Glycogen storage disease type IV (GSD IV) is an inherited disorder caused by the buildup of a complex sugar called glycogen in the body's cells. The accumulated glycogen is structurally abnormal and impairs the function of certain organs and tissues, especially the liver and muscles. There are five types of GSD IV, which are distinguished by their severity, signs, and symptoms.
Mutations in the GBE1 gene cause GSD IV. The GBE1 gene provides instructions for making the glycogen branching enzyme. This enzyme is involved in the production of glycogen, which is a major source of stored energy in the body. GBE1 gene mutations that cause GSD IV lead to a shortage (deficiency) of the glycogen branching enzyme. As a result, glycogen is not formed properly. Abnormal glycogen molecules called polyglucosan bodies accumulate in cells, leading to damage and cell death. Polyglucosan bodies accumulate in cells throughout the body, but liver cells and muscle cells are most severely affected in GSD IV. Glycogen accumulation in the liver leads to hepatomegaly and interferes with liver functioning. The inability of muscle cells to break down glycogen for energy leads to muscle weakness and wasting.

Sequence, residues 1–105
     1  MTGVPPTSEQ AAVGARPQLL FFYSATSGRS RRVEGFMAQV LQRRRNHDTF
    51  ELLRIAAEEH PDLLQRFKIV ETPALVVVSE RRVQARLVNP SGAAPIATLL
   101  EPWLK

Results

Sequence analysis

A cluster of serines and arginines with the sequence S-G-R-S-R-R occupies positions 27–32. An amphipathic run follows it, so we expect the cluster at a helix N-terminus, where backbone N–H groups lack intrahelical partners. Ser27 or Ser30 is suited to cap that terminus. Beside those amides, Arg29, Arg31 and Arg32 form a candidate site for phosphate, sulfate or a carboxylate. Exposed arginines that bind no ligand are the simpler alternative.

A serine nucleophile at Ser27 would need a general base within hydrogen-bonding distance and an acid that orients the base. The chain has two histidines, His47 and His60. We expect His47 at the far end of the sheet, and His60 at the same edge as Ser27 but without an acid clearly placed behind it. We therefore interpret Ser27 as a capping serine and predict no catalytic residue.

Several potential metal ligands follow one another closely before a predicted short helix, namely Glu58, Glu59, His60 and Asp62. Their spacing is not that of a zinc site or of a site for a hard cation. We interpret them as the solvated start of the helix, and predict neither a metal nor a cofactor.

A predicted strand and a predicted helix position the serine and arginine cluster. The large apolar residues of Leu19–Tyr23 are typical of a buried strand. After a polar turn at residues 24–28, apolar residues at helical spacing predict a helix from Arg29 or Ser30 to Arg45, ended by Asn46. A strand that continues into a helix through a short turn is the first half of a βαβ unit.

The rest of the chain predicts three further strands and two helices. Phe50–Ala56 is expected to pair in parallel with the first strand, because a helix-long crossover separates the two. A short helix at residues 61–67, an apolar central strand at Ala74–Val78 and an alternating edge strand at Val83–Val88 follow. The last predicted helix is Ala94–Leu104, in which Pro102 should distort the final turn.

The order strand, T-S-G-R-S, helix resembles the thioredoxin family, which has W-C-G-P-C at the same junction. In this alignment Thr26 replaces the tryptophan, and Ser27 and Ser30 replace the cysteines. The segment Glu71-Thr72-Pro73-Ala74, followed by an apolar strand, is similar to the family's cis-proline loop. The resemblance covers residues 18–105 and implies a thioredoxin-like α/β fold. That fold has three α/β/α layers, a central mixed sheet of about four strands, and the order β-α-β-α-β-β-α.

GSD IV is estimated to occur in 1 in 600,000 to 800,000 individuals worldwide. Type IV accounts for roughly 3 percent of all cases of glycogen storage disease.
This condition is inherited in an autosomal recessive pattern, which means both copies of the gene in each cell have mutations. The parents of an individual with an autosomal recessive condition each carry one copy of the mutated gene, but they typically do not show signs and symptoms of the condition.
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Published Date:updated Last, February
Published By: National Institutes of Health